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Christian Azusa Pacific University again drops ban on same-sex student relationships

Two board members resigned in protest over the decision.
Mon Apr 1, 2019 - 6:51 pm EST
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April 1, 2019 (LifeSiteNews) — Azusa Pacific University, a private Christian college in southern California, decided once again to remove a ban on same-sex relationships from its code of student conduct.

In the fall term, APU removed a ban on “romanticized” same-sex relationships, only to reverse course after its board of trustees declared that it had never approved the change.

“APU is an open-enrollment institution, which does not require students to be Christian to attend, and the handbook conveys our commitment to treating everyone with Christ-like care and civility,” said APU provost Mark Stanton in a statement. “Our values are unchanged, and the APU community remains unequivocally biblical in our Christian evangelical identity.”

While APU espouses a Wesleyan Christian tradition and upholds a traditional perspective on marriage, it does not require students to be Christian. This is unlike about one-third of the other institutions constituting the Council of Christian Colleges and Universities that require students to sign a statement of faith. The APU student code prohibits sex outside of marriage and, Stanton stated, still represents “uniform standards of behavior for all students, applied equally and in a nondiscriminatory fashion.”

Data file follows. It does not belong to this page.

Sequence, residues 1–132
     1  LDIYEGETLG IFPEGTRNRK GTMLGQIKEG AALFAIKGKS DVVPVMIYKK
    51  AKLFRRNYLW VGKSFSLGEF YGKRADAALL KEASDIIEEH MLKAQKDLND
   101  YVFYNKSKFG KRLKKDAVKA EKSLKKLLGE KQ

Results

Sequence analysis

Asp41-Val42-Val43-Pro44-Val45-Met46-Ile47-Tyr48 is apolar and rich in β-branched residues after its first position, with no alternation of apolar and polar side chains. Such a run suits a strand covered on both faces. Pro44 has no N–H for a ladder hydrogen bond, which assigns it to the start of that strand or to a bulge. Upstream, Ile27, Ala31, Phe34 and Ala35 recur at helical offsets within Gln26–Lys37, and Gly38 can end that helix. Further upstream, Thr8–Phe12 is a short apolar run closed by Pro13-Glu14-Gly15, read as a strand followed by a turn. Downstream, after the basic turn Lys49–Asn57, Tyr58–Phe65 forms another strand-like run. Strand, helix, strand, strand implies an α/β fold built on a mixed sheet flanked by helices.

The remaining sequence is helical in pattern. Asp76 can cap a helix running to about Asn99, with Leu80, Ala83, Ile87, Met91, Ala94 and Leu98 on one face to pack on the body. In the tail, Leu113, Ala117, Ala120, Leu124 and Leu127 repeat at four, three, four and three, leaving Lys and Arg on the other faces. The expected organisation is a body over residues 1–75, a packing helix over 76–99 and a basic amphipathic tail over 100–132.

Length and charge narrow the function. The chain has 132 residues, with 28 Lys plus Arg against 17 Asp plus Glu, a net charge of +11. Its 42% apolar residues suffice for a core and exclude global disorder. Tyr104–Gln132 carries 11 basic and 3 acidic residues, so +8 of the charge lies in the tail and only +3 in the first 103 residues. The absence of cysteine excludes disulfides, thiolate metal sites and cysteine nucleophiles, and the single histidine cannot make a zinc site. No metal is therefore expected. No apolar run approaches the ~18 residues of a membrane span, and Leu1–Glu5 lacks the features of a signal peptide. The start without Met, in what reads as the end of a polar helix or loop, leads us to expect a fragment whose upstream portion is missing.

Brave Commons, a student group that advocates LGBT causes, joined the student government in opposing APU’s restrictions regarding homosexual relationship and demanded that the university clarify the sanctions that homosexual students would face for violating the student code. Brave Commons issued a statement applauding the university’s decision, saying “the ban removal offers equal treatment of LGBTQ+ students in relationships as their heterosexual peers.”

According to World magazine, Chairman David Poole said two board members resigned because of “a personal belief that APU has drifted from its orthodox principles.” In a statement released to students and faculty, Poole said he disagreed with the departing trustees. Pastor Raleigh Washington of Chicago and businessman Dave Dias of Sacramento resigned in November. Pastor Washington is the former president of Promise Keepers, an organization of Christian men. He is currently the President of “Road to Jerusalem” a ministry which brings pastors to the Holy Land to better under the Bible.

APU faculty, but not students, are required to sign a statement of faith. In the fall of 2018 when APU first dropped its ban on student same-sex relationships, the university also dropped language from a statement on sexuality that affirmed that “homosexual acts” (among others) are “expressly forbidden” by the Bible. It said, “Heterosexuality is God’s design for sexually intimate relationships” and “humans were created as gendered beings” to be fruitful and multiply. These revisions have remained on the website.

Financial troubles are also afflicting APU. In January, it announced plans to layoff six percent of its faculty positions, according to Inside Higher Ed. Moody’s Investors Service downgraded its bond rating for the university to junk status, and APU admitted that it had a $9.9 million operating deficit. APU president Jon Wallace announced soon after the financial difficulties were aired that he was taking medical leave.

April 10, 2019 update: LifeSite had stated that Dr. Raleigh Washington was the president of Promise Keepers. He is actually the former president. This info has now been updated in this report. 


  azusa pacific university, christians, homosexuality, same-sex relationships

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